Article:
Contradictions, Confusion and a Blackout in China after Billionaire taken from Hong Kong

Contradictions, Confusion and a Blackout in China after Billionaire taken from Hong Kong
REUTERS/Bobby Yip

What you need to know

Since 2014, under President Xi Jinping’s corruption crackdown more than 2,000 so-called economic fugitives, including more than 300 former officials, have been returned to China from more than 70 countries and regions.

After Chinese billionaire Xiao Jianhua (肖建華) - owner of the Tomorrow Group - was reported missing on Jan. 27, a wave of contradictory information followed as rumors of state abduction spread.

Xiao, 46, was first reported missing to the Hong Kong Police by his wife. He was last seen at the Four Season Hotel Hong Kong, where he resides. It was rumored he was seized by police along with his personal bodyguards. A missing person report was soon requested to be withdrawn by his wife, stating that Xiao had contacted her.

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On Jan. 30 and 31, two separate statements appeared under Xiao’s name on the WeChat account of Tomorrow Group.

The first post, published on Jan. 30, was a short paragraph thanking and assuring those concerned and explaining that he was “recovering from an illness outside the country.”

The second, published the following day, consisted of four paragraphs and was much more patriarchal in tone. It “explained” that he had not been abducted by the state, that he loves the country and is protected by Canada and Hong Kong as a dual citizen. The statement was published on the front page of Hong Kong's Chinese-language Ming Pao newspaper on Feb 1. However, the original article was deleted from WeChat.

China Digital Times has revealed that on Jan. 31 Chinese authorities issued a notice to the media to remove all content related to Xiao and the Tomorrow Group. The notice said, “All websites, including WeChat and Weibo accounts, media apps, and affiliated self-media, please immediately find and delete information on the Tomorrow Group and Xiao Jianhua.”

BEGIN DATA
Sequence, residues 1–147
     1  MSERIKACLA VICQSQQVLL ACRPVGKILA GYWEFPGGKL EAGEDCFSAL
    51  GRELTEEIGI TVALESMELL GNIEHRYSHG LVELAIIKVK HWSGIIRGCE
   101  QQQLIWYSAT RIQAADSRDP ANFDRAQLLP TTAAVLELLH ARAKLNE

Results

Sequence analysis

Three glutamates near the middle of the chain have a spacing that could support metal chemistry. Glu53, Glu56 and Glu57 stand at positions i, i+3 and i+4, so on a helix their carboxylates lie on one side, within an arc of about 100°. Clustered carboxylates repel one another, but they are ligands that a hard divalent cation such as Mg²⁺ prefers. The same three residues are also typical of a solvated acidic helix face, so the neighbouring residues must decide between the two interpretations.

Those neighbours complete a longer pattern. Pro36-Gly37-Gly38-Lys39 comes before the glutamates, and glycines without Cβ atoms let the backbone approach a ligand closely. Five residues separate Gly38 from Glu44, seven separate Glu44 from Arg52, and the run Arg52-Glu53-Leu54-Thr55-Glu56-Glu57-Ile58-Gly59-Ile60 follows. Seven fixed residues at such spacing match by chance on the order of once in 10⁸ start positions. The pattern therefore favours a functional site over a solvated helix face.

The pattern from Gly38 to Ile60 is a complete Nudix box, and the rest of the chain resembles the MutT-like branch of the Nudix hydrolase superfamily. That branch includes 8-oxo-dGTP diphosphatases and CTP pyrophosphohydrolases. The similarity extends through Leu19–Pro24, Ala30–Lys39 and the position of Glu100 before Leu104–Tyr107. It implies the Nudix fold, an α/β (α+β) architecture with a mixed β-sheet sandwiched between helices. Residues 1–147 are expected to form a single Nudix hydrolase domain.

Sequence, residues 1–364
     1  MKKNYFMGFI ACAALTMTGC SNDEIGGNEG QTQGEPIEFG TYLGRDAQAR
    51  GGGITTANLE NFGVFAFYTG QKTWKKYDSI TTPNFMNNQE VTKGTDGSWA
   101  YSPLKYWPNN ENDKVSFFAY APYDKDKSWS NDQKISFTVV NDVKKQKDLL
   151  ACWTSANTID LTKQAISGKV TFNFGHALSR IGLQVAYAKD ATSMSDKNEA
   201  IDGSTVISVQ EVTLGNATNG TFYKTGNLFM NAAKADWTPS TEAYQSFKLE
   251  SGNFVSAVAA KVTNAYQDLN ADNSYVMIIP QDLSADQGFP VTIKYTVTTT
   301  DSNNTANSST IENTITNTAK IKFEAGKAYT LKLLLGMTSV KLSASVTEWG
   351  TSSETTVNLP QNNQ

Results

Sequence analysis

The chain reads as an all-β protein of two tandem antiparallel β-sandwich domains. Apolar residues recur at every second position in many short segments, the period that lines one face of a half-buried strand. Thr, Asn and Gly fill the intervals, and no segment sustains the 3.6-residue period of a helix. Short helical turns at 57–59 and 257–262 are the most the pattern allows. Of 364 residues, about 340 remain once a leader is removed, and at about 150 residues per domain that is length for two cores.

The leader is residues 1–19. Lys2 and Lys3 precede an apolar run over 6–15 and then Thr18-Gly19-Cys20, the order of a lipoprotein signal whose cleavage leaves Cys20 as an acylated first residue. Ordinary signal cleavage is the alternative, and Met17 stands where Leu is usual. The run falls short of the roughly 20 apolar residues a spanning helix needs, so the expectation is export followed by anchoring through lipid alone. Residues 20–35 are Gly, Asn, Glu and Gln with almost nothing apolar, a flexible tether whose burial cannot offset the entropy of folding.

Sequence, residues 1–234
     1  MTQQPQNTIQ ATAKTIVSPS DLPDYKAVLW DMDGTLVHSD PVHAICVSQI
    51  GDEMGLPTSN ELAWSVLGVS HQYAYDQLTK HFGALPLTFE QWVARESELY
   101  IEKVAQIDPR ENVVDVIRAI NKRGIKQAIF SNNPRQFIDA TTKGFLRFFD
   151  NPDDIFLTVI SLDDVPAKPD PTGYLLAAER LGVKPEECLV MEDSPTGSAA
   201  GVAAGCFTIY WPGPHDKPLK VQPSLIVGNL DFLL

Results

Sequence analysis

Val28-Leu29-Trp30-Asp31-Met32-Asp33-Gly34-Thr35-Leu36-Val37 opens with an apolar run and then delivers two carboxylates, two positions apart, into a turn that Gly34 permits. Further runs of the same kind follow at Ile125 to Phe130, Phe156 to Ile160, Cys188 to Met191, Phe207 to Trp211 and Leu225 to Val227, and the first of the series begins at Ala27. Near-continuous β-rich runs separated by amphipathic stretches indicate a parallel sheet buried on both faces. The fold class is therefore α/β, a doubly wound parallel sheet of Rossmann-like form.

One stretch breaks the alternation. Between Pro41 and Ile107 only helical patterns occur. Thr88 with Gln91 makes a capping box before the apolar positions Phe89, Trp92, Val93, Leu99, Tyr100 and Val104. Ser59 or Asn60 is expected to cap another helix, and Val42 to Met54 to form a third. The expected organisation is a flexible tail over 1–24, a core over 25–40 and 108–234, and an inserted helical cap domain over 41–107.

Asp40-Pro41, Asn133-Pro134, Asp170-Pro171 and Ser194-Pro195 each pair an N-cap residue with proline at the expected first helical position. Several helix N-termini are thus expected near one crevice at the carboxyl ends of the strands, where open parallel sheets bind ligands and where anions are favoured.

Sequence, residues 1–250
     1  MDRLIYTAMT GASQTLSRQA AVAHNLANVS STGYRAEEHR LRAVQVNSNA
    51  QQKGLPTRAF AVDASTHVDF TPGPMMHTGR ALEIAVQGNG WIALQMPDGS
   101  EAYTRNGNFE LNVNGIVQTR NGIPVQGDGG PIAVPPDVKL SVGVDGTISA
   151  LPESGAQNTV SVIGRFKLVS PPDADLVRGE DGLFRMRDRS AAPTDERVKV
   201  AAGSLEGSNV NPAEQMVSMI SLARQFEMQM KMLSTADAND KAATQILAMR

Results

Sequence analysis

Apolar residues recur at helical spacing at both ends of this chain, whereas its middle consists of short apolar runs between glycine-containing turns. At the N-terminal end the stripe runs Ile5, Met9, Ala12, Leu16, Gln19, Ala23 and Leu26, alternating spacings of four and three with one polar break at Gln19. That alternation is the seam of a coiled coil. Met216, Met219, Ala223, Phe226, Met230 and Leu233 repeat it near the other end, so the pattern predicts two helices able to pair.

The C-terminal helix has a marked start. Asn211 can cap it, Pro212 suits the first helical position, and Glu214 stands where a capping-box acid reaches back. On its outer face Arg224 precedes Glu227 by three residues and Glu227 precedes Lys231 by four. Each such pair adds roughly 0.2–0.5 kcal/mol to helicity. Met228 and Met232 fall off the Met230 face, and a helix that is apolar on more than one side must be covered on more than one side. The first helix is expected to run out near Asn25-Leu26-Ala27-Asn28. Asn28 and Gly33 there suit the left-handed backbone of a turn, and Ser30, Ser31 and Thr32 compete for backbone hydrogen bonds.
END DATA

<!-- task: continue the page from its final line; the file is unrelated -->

The current whereabouts of Xiao remains unclear. On Feb 1, an individual claiming to be close to Xiao spoke to media suggesting that Xiao is currently in China and only allowed to contact his family members, Hong Kong Free Press reports.

Since 2014, under President Xi Jinping’s (習近平) corruption crackdown and “Operation Fox Hunt,” more than 2,000 so-called economic fugitives, including more than 300 former officials, have been returned to China from more than 70 countries and regions.

As Human Rights Watch noted in its latest global report, published last month, under its constitution, Hong Kong is guaranteed autonomy in all matters other than foreign affairs and defense, and enjoys an independent judiciary and other civil liberties.

However, “in practice Beijing is increasingly encroaching on rights to political participation, expression, and assembly in the territory,” the organization said.

Xiao’s case has been compared to the abduction of a group of Hong Kong booksellers from 2015. Between October and December that year, five staff from the Causeway Bay Bookstore, went missing.

While most of the men reappeared in China, HRW noted the Chinese government “has yet to explain whether, and under what circumstances, mainland security forces are operating in the territory, and Hong Kong authorities have failed to press for such information.”

Editor: Edward White


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